Presentation on theme: "Essential Agreements Making Your Sentences Work: Pronoun-Antecedent Agreement."— Presentation transcript:
Essential Agreements Making Your Sentences Work: Pronoun-Antecedent Agreement
What is a pronoun? What is an antecedent?
Pronoun-Antecedent Agreement A pronoun is a word that takes the place of a noun. An antecedent is the word to which the pronoun refers. Example: The boy lost his hat.
Pronoun-Antecedent Agreement Pronoun and antecedent must agree: If the antecedent is singular, the pronoun must be singular. If the antecedent is plural, the pronoun must be plural.
Pronoun-Antecedent Agreement The boys played their best and won the game. Boys is plural, so their must be plural. The girl lost her ribbon. Girl is singular, so her must be singular.
Pronoun-Antecedent Agreement In American English, group nouns are usually singular: The team won its game. The committee has made its decision.... so they take a singular pronoun.
Pronoun-Antecedent Agreement If the group noun is clearly plural, use a plural pronoun. You may want to add members for clarity: The staff have put their gifts under the Christmas tree. The staff [members] have put their gifts under the Christmas tree.
Pronoun-Antecedent Agreement Sometimes the antecedent is an indefinite pronoun. Most indefinite pronouns are singular: anybodyeveryoneno one somebodyeachneither Use a singular pronoun with these: Neither of the boys did his homework.
Pronoun-Antecedent Agreement A few indefinite pronouns are plural: bothseveral fewmany Use a plural pronoun with these: Both of the boys had their homework. Both did their work cheerfully.
Pronoun-Antecedent Agreement Some indefinite pronouns can be singular or plural, depending on the meaning of the sentence. someall most none Some of the band members forgot their sheet music. Some of the book is still attached to its binding.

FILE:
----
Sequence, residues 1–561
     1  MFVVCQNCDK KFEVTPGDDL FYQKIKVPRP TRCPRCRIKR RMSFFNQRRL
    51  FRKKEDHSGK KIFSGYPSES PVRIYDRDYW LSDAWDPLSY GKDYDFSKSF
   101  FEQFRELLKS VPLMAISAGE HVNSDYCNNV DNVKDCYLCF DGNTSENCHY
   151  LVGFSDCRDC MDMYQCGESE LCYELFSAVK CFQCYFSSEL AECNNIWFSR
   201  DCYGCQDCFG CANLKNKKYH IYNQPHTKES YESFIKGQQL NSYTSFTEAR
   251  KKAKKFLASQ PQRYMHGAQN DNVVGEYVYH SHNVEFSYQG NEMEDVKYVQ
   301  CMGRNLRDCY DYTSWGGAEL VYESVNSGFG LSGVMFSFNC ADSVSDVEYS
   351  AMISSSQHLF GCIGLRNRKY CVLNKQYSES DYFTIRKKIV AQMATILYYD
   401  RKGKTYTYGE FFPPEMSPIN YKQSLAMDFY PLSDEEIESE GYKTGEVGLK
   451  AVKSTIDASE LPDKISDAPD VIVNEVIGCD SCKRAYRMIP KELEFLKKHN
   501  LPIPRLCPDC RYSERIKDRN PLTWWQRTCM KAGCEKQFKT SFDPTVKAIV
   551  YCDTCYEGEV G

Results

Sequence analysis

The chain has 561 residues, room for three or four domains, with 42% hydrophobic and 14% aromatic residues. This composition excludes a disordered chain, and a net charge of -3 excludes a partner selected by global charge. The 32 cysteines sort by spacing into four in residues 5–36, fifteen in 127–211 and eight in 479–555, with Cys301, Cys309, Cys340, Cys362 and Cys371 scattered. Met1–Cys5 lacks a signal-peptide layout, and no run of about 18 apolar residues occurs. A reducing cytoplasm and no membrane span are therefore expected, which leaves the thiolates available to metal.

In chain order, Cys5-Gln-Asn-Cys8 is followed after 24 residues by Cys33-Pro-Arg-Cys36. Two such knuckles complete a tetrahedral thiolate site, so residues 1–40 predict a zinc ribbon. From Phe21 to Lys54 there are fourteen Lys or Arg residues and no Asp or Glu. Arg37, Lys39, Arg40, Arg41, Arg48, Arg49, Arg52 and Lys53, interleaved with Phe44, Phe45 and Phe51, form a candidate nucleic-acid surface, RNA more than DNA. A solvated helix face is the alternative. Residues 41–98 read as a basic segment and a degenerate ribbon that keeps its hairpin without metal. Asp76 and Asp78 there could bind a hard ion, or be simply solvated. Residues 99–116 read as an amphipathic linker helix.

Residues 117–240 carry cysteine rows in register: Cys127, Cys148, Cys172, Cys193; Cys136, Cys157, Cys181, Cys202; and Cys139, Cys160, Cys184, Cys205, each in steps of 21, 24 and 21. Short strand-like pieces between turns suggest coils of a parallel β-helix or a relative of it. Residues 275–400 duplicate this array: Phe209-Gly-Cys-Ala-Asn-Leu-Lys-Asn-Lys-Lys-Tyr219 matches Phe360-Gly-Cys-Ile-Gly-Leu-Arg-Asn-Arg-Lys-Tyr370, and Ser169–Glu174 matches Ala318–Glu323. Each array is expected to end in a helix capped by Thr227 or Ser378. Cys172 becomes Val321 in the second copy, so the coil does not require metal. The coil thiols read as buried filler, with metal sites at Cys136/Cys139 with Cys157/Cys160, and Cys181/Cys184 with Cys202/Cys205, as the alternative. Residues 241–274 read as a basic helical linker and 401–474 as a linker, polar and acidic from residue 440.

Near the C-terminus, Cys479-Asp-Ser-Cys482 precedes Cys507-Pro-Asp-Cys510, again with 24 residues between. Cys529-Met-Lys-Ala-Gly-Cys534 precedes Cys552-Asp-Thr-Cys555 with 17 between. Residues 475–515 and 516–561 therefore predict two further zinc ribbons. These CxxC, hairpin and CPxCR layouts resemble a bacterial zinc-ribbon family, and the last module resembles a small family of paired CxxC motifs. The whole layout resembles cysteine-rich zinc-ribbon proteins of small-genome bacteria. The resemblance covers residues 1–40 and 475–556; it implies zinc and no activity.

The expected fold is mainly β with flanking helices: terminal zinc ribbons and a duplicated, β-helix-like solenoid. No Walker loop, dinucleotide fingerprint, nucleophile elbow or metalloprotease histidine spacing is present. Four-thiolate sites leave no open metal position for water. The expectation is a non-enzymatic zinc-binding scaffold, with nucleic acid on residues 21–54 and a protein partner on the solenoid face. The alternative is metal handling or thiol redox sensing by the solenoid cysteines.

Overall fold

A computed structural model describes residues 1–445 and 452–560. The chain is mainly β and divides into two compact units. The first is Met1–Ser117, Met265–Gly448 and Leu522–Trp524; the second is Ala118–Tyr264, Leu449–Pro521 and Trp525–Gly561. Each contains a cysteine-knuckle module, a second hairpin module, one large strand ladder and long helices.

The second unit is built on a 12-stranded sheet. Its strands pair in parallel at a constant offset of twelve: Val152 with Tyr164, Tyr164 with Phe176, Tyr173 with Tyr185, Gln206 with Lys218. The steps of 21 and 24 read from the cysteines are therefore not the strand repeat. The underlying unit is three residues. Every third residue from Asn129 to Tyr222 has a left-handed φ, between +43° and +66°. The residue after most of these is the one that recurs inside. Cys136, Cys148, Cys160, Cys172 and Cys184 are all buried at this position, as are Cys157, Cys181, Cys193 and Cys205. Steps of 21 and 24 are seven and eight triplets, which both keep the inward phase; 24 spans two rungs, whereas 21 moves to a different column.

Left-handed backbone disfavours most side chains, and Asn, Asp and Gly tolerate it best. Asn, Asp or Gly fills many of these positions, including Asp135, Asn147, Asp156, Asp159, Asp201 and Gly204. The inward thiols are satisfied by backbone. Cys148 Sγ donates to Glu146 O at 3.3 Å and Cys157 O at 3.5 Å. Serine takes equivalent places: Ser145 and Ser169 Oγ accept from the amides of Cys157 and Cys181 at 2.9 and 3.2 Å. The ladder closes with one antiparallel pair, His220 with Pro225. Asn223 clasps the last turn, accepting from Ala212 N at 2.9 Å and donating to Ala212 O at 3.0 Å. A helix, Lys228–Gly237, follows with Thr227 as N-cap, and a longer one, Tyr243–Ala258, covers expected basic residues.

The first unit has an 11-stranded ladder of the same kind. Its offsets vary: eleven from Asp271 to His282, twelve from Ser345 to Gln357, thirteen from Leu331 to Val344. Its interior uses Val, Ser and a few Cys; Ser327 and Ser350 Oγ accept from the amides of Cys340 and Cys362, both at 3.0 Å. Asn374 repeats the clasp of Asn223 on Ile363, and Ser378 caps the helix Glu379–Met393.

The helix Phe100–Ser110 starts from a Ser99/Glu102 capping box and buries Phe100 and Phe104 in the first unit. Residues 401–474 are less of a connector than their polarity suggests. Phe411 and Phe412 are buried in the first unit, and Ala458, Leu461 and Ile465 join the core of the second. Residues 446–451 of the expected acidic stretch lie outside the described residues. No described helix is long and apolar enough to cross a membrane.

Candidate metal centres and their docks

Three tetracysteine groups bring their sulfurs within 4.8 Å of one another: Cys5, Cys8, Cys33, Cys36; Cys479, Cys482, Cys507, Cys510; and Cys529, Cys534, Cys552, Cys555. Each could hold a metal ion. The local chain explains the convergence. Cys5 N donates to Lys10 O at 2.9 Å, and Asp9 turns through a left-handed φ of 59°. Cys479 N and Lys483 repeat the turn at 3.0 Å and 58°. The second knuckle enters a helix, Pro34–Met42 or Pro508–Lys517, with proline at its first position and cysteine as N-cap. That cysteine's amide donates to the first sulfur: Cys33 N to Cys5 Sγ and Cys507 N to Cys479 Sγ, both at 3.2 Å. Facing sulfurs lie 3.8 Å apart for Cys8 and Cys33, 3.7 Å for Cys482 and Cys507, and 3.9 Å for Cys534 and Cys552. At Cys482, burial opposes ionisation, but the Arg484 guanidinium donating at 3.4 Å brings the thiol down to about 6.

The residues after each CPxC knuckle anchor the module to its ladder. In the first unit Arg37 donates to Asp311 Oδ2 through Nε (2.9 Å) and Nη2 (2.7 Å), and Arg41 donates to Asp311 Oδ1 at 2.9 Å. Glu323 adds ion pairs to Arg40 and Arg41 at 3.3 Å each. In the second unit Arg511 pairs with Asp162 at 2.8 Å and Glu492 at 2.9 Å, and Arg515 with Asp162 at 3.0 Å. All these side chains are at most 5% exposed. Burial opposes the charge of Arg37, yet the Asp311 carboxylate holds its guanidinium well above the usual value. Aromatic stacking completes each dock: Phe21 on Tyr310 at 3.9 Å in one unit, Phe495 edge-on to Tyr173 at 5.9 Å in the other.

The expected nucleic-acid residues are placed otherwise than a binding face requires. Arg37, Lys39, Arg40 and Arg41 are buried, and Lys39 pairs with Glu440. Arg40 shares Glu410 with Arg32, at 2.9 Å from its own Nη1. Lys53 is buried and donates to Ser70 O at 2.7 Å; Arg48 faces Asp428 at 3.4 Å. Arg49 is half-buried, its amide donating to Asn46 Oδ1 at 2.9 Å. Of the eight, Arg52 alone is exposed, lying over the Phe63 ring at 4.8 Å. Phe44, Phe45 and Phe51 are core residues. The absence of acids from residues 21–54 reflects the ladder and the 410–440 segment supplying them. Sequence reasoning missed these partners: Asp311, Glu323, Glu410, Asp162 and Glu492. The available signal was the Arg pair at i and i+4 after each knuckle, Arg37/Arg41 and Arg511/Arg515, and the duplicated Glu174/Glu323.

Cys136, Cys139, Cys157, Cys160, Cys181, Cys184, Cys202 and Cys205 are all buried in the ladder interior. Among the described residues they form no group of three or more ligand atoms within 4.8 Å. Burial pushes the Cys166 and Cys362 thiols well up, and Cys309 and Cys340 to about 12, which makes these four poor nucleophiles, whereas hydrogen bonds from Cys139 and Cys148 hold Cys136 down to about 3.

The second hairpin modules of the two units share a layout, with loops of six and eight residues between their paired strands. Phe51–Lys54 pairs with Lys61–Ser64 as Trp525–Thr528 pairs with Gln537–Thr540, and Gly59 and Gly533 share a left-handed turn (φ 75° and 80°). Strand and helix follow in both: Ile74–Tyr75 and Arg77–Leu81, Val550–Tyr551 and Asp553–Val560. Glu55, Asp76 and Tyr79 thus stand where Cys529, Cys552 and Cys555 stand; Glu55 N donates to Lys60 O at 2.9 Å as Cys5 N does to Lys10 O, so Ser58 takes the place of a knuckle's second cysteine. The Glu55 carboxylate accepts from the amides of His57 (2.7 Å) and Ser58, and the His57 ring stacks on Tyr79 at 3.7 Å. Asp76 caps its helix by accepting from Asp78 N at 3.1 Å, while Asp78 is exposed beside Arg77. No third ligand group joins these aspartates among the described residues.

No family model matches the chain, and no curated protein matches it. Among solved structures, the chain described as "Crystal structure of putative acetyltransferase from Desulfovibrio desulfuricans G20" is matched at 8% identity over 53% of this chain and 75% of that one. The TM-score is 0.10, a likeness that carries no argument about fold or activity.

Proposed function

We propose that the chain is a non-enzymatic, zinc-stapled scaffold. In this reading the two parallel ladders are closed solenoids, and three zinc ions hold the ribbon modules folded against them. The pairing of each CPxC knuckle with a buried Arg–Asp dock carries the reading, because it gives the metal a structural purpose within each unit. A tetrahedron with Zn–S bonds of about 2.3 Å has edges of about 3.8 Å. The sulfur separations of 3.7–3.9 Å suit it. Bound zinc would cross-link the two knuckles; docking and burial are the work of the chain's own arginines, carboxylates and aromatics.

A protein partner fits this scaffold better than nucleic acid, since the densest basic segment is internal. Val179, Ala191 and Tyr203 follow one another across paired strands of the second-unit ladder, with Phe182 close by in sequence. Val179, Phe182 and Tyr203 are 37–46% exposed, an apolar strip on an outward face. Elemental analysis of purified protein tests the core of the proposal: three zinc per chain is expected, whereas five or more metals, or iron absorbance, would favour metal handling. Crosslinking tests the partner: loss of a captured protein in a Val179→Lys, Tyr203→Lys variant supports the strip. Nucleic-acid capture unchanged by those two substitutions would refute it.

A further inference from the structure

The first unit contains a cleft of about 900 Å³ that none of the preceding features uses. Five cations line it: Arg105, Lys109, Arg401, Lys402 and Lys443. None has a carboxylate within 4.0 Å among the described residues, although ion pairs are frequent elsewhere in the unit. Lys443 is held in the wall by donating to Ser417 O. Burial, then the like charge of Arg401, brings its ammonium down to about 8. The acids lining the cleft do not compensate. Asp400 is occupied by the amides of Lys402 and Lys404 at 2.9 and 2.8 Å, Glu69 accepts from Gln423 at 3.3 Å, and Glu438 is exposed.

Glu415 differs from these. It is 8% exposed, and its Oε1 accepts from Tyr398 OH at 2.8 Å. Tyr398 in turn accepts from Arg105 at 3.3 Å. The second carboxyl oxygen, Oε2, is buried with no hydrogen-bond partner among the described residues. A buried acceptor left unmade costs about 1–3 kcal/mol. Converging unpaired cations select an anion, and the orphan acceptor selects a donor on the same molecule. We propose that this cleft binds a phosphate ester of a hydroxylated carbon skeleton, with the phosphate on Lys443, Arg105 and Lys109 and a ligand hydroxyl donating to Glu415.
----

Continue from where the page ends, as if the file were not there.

Pronoun-Antecedent Agreement Pronouns and antecedents must agree in gender as well as number. To avoid pronouns that exclude one gender, use one of three options.
Pronoun-Antecedent Agreement 1. Use a masculine and feminine pronoun (his/her). Each contestant must bring his or her birth certificate.
Pronoun-Antecedent Agreement 2. Rewrite the sentence, making both pronoun and antecedent plural. All contestants must bring their birth certificate.
Pronoun-Antecedent Agreement 3. Rewrite the sentence to eliminate the possessive pronouns. Each contestant must bring a birth certificate.
Pronoun-Antecedent Agreement Compound subjects joined by and take a plural pronoun. Linda and Amy finished their project early.
Pronoun-Antecedent Agreement When two antecedents are joined by either... or or neither... nor, the pronoun should agree with the antecedent closer to it. Neither the teacher nor the students wore their coats to the game.
Pronoun-Antecedent Agreement If the sentence sounds awkward, consider rewording. We have been promised that either the Oak Ridge Boys or Clint Black will donate his time to the charity. (awkward) We have been promised that either Clint Black or the Oak Ridge Boys will donate their time to the charity.
Pronoun-Antecedent Agreement Be careful not to word a sentence so that the antecedent is missing or unclear. Wrong: In Nashville, they have many hopeful country music singers. (Who does they refer to?) Wrong: Alice told Marie that she needed a new car. (Who needed a new car, Alice or Marie?) We have been
Pronoun-Antecedent Agreement Watch shifts to you. Wrong: When a person comes to class, you should have your homework ready. Wrong: We are all aware that you can’t depend on the boss for help.
Keep it friendly! Be sure your pronoun and antecedent agree!